However, the indefinite conjugation is used when the direct object is a first or second person pronoun.
As a native speaker (not a linguist) I disagree that we should call this "indefinite conjugation". Let us take the verb szeret = love as an example, and conjugate it for a first person subject.
- szeretek (valamit) = I love (something) (indefinite 3rd person object)
- szeretem (őt) = I love him/her/it (definite 3rd person object)
- szeretlek (téged) = I love you (2nd person object)
Notice that the verb ending used for the 2nd person object is different from either the definite or indefinite 3rd person objects. Thus I see no basis for calling it indefinite. Parts that can be omitted are in parentheses: there is usually no need to state the object in Hungarian, as it's clear from the verb ending.
For completeness, let me also list the conjugation for a 2nd person subject:
- szeretsz (valamit) = you love (something) (indefinite 3rd person object)
- szereted (őt) = you love him/her/it (definite 3rd person object)
- szeretsz (engem) = you love me (1st person object)
Thus it is true that in this case the 1st person object uses an ending of the same form as the 3rd person indefinite object. Does that mean that we should consider them to be the same ending? Of course not—we can call them homophones. Were the endings the same in the distant past as well? I do not know.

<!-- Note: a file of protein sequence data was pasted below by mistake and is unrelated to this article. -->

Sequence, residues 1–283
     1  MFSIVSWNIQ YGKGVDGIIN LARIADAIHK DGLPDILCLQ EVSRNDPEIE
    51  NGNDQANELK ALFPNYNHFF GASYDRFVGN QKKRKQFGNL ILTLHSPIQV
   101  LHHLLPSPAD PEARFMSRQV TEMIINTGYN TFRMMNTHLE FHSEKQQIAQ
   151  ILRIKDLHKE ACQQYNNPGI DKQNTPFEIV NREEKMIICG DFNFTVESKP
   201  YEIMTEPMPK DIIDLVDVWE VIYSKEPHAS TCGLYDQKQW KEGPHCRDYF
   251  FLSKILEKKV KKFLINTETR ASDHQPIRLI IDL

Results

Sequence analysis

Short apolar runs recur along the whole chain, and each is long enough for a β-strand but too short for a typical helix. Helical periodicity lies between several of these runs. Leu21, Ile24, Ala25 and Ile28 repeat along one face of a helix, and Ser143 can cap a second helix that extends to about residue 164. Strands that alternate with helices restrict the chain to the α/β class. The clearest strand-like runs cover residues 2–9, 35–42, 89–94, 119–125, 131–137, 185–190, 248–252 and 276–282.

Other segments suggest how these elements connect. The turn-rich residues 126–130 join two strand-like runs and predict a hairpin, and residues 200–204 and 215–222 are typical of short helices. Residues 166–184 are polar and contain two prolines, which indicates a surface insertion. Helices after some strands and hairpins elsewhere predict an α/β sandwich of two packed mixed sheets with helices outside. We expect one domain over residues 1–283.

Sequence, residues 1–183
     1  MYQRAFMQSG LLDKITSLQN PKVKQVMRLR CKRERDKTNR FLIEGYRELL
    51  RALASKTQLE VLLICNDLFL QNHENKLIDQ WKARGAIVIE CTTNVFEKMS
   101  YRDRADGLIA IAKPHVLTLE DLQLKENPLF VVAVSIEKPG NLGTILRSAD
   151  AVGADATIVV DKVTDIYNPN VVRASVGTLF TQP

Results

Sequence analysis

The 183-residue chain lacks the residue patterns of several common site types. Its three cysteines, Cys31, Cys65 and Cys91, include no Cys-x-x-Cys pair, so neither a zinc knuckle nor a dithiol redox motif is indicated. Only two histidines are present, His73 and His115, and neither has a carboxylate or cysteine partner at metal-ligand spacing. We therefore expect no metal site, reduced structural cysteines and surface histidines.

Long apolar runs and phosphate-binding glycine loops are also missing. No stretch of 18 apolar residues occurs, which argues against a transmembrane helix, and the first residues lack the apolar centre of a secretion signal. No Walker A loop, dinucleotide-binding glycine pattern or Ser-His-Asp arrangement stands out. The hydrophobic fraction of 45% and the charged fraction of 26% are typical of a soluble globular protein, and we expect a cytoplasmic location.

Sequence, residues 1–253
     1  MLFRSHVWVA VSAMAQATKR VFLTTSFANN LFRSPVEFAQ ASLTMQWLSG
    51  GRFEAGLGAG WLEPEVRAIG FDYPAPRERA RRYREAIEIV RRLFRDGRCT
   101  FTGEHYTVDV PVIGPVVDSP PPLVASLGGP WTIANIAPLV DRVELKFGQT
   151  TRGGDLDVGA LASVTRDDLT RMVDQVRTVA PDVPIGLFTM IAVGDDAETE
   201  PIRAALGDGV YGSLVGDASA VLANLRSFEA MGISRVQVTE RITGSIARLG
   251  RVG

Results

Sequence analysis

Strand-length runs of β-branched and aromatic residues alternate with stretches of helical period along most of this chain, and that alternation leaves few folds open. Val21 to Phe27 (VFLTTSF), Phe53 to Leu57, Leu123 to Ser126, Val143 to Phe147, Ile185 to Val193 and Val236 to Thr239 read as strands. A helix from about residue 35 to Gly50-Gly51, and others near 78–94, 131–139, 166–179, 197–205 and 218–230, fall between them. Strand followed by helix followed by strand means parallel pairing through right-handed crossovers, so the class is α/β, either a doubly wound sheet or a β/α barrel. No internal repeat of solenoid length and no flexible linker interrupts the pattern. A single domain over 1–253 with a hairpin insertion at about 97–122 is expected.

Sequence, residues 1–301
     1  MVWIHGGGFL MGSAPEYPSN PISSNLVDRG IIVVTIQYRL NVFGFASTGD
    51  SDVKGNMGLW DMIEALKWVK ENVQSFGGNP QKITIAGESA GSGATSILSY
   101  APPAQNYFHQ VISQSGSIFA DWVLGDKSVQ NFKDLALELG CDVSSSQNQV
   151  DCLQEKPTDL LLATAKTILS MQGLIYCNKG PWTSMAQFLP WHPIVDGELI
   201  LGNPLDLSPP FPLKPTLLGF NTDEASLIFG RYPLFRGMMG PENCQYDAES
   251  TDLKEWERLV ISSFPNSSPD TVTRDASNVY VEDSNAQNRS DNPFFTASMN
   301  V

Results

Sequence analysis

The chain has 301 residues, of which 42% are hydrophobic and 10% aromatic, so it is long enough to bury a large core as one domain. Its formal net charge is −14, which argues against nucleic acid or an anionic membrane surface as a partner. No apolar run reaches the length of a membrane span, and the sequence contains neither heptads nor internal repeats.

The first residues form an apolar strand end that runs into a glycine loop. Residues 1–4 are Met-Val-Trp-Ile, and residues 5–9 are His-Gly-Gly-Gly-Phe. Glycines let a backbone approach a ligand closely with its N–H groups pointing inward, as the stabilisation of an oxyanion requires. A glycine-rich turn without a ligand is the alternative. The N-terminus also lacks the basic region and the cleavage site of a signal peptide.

A quick search for this topic yielded the following article:
A very brief summary is that originally only definite objects were marked with a suffix (-t, same as today) on the object itself. Indefinite objects were not marked. Thus it was clear from the form of the object alone whether it was definite or indefinite. At some point, indefinite objects started to get marked with -t as well, and verb conjugation took over the role of indicating object definiteness. At first, an analytic structure (verb + subject pronoun) was used to indicate definiteness. This later evolved into the suffixes we use for 3rd person definite objects. The 2nd person object form is said to have a different origin, but the article does not discuss it in detail.
As you can see from my original example, we do not have a complete set of endings to denote every combination of subject and object person/number. The bottom line of the article is that the reason for this is not that the two conjugations are gradually collapsing (from an older completely separate form), but that they have never fully separated during the evolution of the language.